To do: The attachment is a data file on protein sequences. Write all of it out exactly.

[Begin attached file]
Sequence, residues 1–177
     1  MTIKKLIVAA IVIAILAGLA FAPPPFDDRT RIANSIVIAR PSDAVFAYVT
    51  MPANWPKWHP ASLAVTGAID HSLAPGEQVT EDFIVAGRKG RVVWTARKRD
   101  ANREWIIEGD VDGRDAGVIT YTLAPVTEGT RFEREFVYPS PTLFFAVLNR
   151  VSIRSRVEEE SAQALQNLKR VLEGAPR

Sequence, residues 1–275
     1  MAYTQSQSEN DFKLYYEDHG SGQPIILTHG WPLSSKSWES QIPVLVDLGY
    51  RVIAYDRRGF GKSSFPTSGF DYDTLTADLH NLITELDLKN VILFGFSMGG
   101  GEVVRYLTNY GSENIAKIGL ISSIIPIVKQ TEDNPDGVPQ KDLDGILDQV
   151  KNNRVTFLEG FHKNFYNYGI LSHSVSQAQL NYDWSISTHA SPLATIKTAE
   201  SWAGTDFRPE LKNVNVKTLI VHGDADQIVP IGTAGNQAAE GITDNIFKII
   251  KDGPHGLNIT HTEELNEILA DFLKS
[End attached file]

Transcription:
Sequence, residues 1–177
     1  MTIKKLIVAA IVIAILAGLA FAPPPFDDRT RIANSIVIAR PSDAVFAYVT
    51  MPANWPKWHP ASLAVTGAID HSLAPGEQVT EDFIVAGRKG RVVWTARKRD
   101  ANREWIIEGD VDGRDAGVIT YTLAPVTEGT RFEREFVYPS PTLFFAVLNR
   151  VSIRSRVEEE SAQALQNLKR VLEGAPR

Sequence, residues 1–275
     1  MAYTQSQSEN DFKLYYEDHG SGQPIILTHG WPLSSKSWES QIPVLVDLGY
    51  RVIAYDRRGF GKSSFPTSGF DYDTLTADLH NLITELDLKN VILFGFSMGG
   101  GEVVRYLTNY GSENIAKIGL ISSIIPIVKQ TEDNPDGVPQ KDLDGILDQV
   151  KNNRVTFLEG FHKNFYNYGI LSHSVSQAQL NYDWSISTHA SPLATIKTAE
   201  SWAGTDFRPE LKNVNVKTLI VHGDADQIVP IGTAGNQAAE GITDNIFKII
   251  KDGPHGLNIT HTEELNEILA DFLKS